Dozens of blogs by some of China's most outspoken users have been abruptly shut down while popular Twitter-like services appear to be the newest target in government efforts to control social networking.

Meanwhile, China's growing pack of Twitter clones, or "micro-blogging" sites, had service outages or displayed messages suggesting some type of network testing was under way.

Netease's "weibo" or micro-blog site went down for maintenance for several days, while those of the Sina, Sohu and Tencent services displayed "beta" tags next to their logos, according to the AP.

"The government will definitely tighten their control over microblogging, but I don't think they'll completely shut them down," popular Chinese blogger Lian Yue told NBC News. "It's hard to dig out the real reason behind this temporary shutdown, but it could be related to the change of the way information spread."

Twitter, Facebook and other Western-origin, popular social media sites are blocked for China's Internet users, now estimated to number 420 million.

However, Beijing authorities have allowed homegrown clones such as social media site to prosper, on the condition that they self-censor objectionable content in line with government rules.

Chinese authorities are playing an increasingly complex game of restricting some Internet content while promoting other kinds of online expression as part of the nation's modernization drive.

Verboten online content includes mentions of banned religious sect Falun Gong, Taiwan or Tibet independence or strong criticism of the central government that crosses an unspecified "red line." Search for such subjects typically returns an "error" message, with access to the Internet sometimes blocked for several minutes afterward.

Any attempt to organize opposition to the central authorities online is quickly quashed by an army of "net nannies" patrolling chat rooms and other sites. Social media is a particular challenge because criticism can spread in scale so quickly online.

Xiao Qiang, director of the China Internet Project at the University of California-Berkeley, told the AP that authorities can't keep up with the proliferation of new media. "Given the speed and volume of microblogging content produced in Chinese cyberspace, censors are still several steps behind at this stage," Xiao said.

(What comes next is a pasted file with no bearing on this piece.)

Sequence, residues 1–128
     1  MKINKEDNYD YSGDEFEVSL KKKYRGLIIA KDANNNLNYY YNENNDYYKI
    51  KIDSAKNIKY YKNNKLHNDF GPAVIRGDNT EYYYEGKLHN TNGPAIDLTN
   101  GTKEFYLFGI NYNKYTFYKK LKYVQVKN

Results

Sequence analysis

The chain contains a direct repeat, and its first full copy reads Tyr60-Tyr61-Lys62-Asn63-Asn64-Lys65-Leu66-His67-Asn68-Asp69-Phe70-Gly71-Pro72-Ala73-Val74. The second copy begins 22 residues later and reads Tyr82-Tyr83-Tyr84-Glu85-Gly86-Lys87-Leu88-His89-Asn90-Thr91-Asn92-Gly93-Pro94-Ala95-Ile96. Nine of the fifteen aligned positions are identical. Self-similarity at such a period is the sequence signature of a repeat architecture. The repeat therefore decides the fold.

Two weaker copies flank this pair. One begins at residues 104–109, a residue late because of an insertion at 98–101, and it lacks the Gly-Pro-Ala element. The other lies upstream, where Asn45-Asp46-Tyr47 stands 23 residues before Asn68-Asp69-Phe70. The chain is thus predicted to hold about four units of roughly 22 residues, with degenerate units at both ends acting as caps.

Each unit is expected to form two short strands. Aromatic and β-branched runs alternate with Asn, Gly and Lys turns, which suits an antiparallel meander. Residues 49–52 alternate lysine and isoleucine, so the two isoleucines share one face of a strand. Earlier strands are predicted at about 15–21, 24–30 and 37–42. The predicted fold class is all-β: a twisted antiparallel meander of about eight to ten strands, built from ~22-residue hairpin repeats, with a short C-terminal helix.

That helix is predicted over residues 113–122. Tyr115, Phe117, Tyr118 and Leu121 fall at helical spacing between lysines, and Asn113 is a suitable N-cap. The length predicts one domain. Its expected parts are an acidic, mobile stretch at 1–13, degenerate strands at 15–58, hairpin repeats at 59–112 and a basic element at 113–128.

Other raucous debate and discussion is given free rein, such as netizens' debate over a recent police shooting in Guangzhou, popular discontent with local party officials or so-called "human flesh search-engine" cases.

The latter refers to a mob of netizens who work together to find and post personal information about someone who has sparked their wrath, contempt or intense curiosity.

Some government units are actually promoting social media as a way to reach out to residents. A report from the Shenzhen Evening News posted to said the Pingshan Ministry of Public Security in southern China opened a microblog Thursday evening.

"We want to strengthen our communication with city residents and Web users, increasing the interaction between police and the people through more channels," an unnamed security official told journalists, according to the report.

According to another report, from the China News Service today, public security ministries in 21 cities in southern Guangdong Province had launched microblogs, and Beijing police are planning to launch a microblog too. But the fate of such sites generated by private citizens rather than government entities seems more unclear than ever.

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Killer cop stirs debate

Police Shooting Video Stirs Debate in China

AOL News

TAIPEI, Taiwan (July 14) -- A video of a plainclothes policewoman shooting dead a hostage-taker in Guangzhou has sparked sharp debate among the Chinese about how far police should go in dealing with higher crime rates.

Some are disturbed that the cop shot the hostage-taker four times, killing him, even though he appeared to have been taken out of action by the first shot and was armed only with a pair of scissors.

But others are celebrating her as a hero.

The incident highlights the ambivalence in China toward widespread, Dirty Harry-style police methods that, while at times effectively ruthless against wrongdoers, often show scant concern for human rights and sometimes compound the bloodshed.

The drama was broadcast live on Chinese TV, with the action beginning at around the 5:00 mark in the clip below.

The incident started around 8 p.m. July 6, after a botched robbery by an assailant wielding a pair of scissors, according to a report at translated at Chinasmack.

The perp stabbed his robbery victim with the scissors when he resisted, then took a young woman hostage and made his standoff on a public sidewalk just in front of a bank's ATM alcove. Cops and snipers moved in, and the standoff dragged on as the robber clutched the bleeding hostage in a headlock.

Around 9:30 p.m., a plainclothes policewoman wearing a white pantsuit and elegant scarf approached close to the hostage. She put the robber off-guard by tossing him a bottle of cola, according to Tianxue. Then she reached under her blouse and retrieved a handgun.

Seconds later, as the perp reached down to get the bottle, she charged and fired. The robber and his hostage fell backward into the ATM alcove out of view of news cameras, and it was unclear whether he was hit. The plainclothes cop is then seen in videos moving into the alcove and shooting three more times. The hostage was quickly taken away to safety, while the perp died at the scene.

Video shows the daring plainclothes officer smiling and laughing in response to a reporter who told her, "Big sister, you're so impressive," minutes after the shooting.